40 languages are spoken at our neighborhood public high school (Chicago) and we break bread regularly with families outside both our ethnic and religious circles. Cultural competence is an evolution that requires a setting for practice and even with their failings, schools provide that forum.

    I appreciate how you highlight the issue at hand as a distraction from larger issues of equal rights, however, encourage you to also consider the positives that small steps make toward a greater collective good. Be well!

  3. elephantjournal says:

    Tom Frascone
    ‎@Adenia: you're applying your personal experience to the whole – this is a common logical fallacy. like i said, talk to Kozol if you want to argue the segregation issue. i was simply using it as an example of how intended/desired results a…re unachievable when forced-policy precedes social-evolution.

    Kozol: Segregated Schools are the Shame of the Nation http://www.youtube.com/watch?v=7VS9XHbEaFYSee More

    Tom Frascone also my estimate of .05% was too high. studies show that gays only account for less than 2.3% of the military (i used 4% in my calculation).

    so 'dont ask dont tell' affects less than 0.02% of americans.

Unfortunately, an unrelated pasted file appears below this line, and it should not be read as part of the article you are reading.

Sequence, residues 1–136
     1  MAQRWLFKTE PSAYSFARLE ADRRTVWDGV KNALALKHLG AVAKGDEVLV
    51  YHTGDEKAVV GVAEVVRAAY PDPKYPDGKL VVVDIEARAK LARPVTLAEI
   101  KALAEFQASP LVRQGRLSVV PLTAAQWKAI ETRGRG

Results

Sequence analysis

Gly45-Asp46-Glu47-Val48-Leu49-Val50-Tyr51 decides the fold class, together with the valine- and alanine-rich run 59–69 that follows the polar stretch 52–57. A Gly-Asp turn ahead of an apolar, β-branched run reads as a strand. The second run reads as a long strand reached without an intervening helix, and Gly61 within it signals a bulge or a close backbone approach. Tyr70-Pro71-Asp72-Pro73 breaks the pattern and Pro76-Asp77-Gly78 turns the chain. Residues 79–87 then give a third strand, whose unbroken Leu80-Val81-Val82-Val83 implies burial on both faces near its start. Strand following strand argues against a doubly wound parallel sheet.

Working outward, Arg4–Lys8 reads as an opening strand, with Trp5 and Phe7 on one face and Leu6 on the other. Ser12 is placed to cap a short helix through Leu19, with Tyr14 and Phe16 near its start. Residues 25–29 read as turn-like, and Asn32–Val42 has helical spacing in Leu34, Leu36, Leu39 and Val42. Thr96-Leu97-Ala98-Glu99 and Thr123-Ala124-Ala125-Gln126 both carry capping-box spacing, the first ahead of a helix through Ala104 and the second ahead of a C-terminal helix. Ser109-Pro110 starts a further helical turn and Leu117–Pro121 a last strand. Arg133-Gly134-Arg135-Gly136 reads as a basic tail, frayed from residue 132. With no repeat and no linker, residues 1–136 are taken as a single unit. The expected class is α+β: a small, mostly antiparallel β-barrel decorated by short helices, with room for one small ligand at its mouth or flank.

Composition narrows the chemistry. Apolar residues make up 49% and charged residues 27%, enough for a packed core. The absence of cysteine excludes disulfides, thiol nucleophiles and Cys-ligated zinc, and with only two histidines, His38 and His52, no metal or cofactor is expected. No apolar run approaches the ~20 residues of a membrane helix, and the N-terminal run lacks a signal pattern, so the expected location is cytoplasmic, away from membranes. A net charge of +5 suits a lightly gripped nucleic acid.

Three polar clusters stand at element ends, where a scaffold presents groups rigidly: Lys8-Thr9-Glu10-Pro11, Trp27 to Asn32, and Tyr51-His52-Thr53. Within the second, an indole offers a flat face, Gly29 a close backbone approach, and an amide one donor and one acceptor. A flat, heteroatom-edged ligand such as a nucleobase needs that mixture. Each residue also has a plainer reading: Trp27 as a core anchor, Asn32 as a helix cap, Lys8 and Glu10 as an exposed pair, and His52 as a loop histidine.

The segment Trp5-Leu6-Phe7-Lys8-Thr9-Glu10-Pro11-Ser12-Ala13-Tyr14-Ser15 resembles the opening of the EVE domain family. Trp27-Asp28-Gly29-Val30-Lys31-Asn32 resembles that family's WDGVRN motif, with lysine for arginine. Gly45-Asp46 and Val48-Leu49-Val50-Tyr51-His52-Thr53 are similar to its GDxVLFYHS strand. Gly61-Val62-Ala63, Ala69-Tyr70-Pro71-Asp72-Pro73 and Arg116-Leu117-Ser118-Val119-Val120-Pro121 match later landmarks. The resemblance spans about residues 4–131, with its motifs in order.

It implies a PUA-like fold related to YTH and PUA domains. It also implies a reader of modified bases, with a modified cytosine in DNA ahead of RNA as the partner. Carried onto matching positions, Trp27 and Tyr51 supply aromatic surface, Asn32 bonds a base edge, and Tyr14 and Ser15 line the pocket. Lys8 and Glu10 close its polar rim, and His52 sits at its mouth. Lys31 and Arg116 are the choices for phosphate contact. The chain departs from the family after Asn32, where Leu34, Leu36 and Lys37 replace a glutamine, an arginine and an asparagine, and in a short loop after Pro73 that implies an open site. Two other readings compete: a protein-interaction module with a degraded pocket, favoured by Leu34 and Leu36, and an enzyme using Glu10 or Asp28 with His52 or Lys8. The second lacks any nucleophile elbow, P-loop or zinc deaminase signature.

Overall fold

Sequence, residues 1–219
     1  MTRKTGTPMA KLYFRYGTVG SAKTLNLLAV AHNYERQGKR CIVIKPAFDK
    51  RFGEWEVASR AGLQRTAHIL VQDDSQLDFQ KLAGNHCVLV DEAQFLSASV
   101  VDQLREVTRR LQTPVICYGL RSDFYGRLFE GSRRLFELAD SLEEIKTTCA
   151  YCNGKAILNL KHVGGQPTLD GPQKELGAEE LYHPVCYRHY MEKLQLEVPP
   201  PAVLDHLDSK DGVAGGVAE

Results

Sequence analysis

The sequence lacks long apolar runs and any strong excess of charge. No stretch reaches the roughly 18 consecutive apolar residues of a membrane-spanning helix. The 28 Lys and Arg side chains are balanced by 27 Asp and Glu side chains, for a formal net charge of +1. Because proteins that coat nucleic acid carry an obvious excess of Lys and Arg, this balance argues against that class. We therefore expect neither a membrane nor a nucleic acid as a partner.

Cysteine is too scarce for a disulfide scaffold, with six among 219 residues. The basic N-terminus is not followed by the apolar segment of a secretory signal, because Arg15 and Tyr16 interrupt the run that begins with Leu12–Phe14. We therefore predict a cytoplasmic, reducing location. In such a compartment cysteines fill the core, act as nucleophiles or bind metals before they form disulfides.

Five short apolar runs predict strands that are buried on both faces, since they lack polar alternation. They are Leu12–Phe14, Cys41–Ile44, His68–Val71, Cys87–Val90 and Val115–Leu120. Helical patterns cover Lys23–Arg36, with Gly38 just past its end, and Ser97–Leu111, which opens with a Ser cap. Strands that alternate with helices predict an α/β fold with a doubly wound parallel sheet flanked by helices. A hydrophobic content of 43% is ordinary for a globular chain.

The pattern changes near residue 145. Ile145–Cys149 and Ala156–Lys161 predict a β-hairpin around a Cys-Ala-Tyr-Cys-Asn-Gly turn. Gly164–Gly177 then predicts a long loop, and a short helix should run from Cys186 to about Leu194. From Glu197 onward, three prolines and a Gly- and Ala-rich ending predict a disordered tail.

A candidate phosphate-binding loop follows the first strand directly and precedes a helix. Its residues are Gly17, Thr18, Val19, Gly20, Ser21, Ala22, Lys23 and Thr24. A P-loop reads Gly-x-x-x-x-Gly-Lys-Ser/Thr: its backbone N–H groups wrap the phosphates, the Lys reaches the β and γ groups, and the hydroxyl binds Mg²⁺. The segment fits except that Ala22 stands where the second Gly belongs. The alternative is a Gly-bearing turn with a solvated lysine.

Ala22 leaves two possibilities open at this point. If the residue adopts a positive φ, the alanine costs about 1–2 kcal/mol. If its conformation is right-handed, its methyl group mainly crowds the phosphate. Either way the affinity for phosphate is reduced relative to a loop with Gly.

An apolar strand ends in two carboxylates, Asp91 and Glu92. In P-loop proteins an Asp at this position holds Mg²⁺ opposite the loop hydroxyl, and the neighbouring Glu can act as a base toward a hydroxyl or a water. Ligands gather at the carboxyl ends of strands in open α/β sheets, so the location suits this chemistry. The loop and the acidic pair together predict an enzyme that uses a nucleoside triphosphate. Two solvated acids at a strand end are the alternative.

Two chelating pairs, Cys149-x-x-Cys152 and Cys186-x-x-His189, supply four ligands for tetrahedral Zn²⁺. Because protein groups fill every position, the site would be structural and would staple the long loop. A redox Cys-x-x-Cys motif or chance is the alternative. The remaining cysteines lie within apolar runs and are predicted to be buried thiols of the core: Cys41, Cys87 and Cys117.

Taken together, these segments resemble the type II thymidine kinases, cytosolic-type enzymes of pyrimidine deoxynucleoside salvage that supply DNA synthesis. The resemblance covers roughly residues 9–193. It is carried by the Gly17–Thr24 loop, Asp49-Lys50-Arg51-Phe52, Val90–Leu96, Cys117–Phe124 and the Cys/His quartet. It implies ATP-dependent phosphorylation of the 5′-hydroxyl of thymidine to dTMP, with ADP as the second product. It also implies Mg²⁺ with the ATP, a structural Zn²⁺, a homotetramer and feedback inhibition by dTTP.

Paul Leard I'll change his diaper, and give him the "you can get up from this and fight you fight, if you want to". It's a better avenue if he then asks for my opinion, so he'll have more possibilty to be open, and maybe grow from it to.

    Konnie H: I suppose every day is a sad day for John McCain.

    Adenia L:
    Its not just personal – 578 other students at my children's middle school also interact daily with children and teachers of a different race. Spanish, Chinese, Italian, German and French are taught including overseas exchange programs that …engage the entire school community. 8th graders are studying Howard Zinn. Not all programs fail. I think even Kozol would agree some effort is better than none.

    Sunday remains the most segregated day of the week for these children.

    Adenia L:
    Demographics at said school:
    Black Non-Hispanic 143 >28%
    Hispanic 110 >21%
    Asian / Pacific Islander 60 >11%
    American Indian / Alaskan Native 6 1%
    …White Non-Hispanic 190 <37%

    Tom Frascone
    Adenia: Are you missing the point? You think you are not proving something by talking about 2 specific schools instead of just one?

    Do you understand the difference between micro & macro?

    You are talking about 2 specific schools. Do you under…stand that there are over 132,650 K-12 schools in the United States.